underlying his claims that he is entitled to 54 days of GCT. An inmate must do more to resolve
his dispute within the literal walls, or at least the figurative walls, of the prison system before
seeking relief in the halls of the courthouse.
Consequently, the Court should DISMISS
Scotton’s claims regarding his award of GCT for failure to exhaust.
Leave to Appeal in Forma Pauperis
The Court should also deny Scotton leave to appeal in forma pauperis. Though Scotton
has, of course, not yet filed a notice of appeal, it would be appropriate to address these issues in
the Court’s order of dismissal. See Fed. R. App. R. 24(a)(1)(A) (“A party who was permitted to
proceed in forma pauperis in the district-court action, . . . may proceed on appeal in forma
pauperis without further authorization, unless the district court—before or after the notice of
appeal is filed—certifies that the appeal is not taken in good faith[.]”) (italics supplied). An
appeal cannot be taken in forma pauperis if the trial court certifies, either before or after the
notice of appeal is filed, that the appeal is not taken in good faith. 28 U.S.C. § 1915(a)(3). Good
faith in this context must be judged by an objective standard. Busch v. Cty. of Volusia, 189
F.R.D. 687, 691 (M.D. Fla. 1999). A party does not proceed in good faith when he seeks to
advance a frivolous claim or argument. See Coppedge v. United States, 369 U.S. 438, 445
(1962). A claim or argument is frivolous when it appears the factual allegations are clearly
baseless or the legal theories are indisputably meritless. Neitzke v. Williams, 490 U.S. 319, 327
(1989); Carroll v. Gross, 984 F.2d 392, 393 (11th Cir. 1993). Stated another way, an in forma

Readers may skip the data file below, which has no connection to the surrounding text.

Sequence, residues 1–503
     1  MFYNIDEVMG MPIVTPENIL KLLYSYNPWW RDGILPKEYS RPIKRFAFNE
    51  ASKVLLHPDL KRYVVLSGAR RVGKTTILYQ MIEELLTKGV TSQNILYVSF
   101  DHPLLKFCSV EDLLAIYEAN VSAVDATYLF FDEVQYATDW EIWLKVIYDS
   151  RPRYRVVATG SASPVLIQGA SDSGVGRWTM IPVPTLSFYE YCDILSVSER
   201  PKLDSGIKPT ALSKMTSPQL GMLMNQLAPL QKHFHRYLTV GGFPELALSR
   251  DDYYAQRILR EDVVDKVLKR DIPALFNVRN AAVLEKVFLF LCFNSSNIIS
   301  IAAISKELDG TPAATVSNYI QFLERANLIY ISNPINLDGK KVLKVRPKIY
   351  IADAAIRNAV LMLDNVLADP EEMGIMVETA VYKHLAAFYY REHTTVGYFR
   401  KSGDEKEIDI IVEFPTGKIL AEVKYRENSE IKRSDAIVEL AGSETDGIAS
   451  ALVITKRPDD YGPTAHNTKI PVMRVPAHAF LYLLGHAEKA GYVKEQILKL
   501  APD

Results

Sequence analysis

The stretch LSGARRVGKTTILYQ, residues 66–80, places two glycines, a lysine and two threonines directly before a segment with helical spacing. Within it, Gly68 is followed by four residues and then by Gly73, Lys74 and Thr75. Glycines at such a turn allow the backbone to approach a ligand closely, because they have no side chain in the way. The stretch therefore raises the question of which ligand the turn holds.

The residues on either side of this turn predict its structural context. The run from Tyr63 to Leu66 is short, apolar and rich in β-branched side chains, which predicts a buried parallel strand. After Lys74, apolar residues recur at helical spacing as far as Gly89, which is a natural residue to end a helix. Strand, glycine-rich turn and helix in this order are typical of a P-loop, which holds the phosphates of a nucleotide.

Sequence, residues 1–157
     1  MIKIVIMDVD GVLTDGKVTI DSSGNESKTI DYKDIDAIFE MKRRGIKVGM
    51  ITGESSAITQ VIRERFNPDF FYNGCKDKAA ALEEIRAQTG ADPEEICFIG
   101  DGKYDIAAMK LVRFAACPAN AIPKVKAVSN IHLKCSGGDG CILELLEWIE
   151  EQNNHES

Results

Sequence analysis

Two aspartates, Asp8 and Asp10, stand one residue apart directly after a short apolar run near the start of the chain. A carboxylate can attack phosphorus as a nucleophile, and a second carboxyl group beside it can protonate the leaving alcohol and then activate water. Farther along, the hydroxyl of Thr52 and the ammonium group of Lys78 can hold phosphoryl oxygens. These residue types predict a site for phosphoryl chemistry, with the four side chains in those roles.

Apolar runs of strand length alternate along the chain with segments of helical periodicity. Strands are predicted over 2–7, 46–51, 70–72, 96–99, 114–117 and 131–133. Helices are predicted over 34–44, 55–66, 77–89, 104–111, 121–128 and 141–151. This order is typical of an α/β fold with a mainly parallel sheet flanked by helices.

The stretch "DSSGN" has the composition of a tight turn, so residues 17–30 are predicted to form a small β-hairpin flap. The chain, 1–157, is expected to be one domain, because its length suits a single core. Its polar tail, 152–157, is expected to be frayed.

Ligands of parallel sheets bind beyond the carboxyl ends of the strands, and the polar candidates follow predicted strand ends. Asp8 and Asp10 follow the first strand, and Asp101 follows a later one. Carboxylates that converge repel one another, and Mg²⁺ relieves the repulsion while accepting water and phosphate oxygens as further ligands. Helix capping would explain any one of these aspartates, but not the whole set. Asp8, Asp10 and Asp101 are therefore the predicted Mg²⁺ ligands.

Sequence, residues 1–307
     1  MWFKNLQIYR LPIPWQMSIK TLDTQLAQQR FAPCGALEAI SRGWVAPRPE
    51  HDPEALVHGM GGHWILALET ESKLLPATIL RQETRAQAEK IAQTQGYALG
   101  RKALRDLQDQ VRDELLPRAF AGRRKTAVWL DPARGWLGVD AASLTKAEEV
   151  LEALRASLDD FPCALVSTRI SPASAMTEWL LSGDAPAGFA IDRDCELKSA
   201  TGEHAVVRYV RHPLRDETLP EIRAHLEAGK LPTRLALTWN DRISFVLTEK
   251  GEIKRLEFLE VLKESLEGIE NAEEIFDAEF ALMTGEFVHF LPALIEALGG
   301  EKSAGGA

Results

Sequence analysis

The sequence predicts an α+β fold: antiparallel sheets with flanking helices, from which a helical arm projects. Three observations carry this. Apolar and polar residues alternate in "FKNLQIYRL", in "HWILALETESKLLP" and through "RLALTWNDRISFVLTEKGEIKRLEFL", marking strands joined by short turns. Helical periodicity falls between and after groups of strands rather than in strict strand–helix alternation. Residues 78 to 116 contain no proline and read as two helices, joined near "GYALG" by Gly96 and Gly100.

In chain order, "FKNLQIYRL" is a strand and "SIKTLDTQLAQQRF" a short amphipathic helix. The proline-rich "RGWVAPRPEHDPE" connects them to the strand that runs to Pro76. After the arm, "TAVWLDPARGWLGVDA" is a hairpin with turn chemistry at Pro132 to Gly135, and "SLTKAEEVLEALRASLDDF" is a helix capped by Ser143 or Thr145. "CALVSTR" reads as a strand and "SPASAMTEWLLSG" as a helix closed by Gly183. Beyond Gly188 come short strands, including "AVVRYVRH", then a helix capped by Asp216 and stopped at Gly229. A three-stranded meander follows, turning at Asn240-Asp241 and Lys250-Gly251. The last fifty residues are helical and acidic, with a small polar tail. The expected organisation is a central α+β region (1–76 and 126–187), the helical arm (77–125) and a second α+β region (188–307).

pauperis action is frivolous and, thus, not brought in good faith, if it is “without arguable merit
either in law or fact.” Napier v. Preslicka, 314 F.3d 528, 531 (11th Cir. 2002); see also Brown v.
United States, Nos. 407CV085, 403CR001, 2009 WL 307872, at *1–2 (S.D. Ga. Feb. 9, 2009).
Based on the above analysis of the Scotton’s Petition, the Court should DENY Scotton in
forma pauperis status on appeal, as there are no non-frivolous issues to raise on appeal, and any
appeal would not be taken in good faith.
For the above-stated reasons, I RECOMMEND the Court DENY Scotton’s Motions for
Protective Order, (doc. 7, 9, 12, 18). I further RECOMMEND the Court DISMISS Scotton’s
Petition, DIRECT the Clerk of Court to CLOSE this case, and DENY Scotton in forma
pauperis status on appeal.
The Court DISMISSES as moot Scotton’s Motion to Compel
Respondent to Respond, (doc. 22).
The Court ORDERS any party seeking to object to this Report and Recommendation to
file specific written objections within fourteen (14) days of the date on which this Report and
Recommendation is entered. Any objections asserting that the Magistrate Judge failed to address
any contention raised in the Complaint must also be included. Failure to do so will bar any later
challenge or review of the factual findings or legal conclusions of the Magistrate Judge. See 28
U.S.C. § 636(b)(1)(C); Thomas v. Arn, 474 U.S. 140 (1985). A copy of the objections must be
served upon all other parties to the action. The filing of objections is not a proper vehicle
through which to make new allegations or present additional evidence.
Upon receipt of Objections meeting the specificity requirement set out above, a United States
District Judge will make a de novo determination of those portions of the report, proposed
findings, or recommendation to which objection is made and may accept, reject, or modify in
whole or in part, the findings or recommendations made by the Magistrate Judge. Objections not
meeting the specificity requirement set out above will not be considered by a District Judge. A
party may not appeal a Magistrate Judge’s report and recommendation directly to the United
States Court of Appeals for the Eleventh Circuit. Appeals may be made only from a final
judgment entered by or at the direction of a District Judge. The Court DIRECTS the Clerk of
Court to serve a copy of this Report and Recommendation upon Scotton and Respondent.
SO ORDERED and REPORTED and RECOMMENDED, this 12th day of January,
R. STAN BAKER
UNITED STATES MAGISTRATE JUDGE
SOUTHERN DISTRICT OF GEORGIA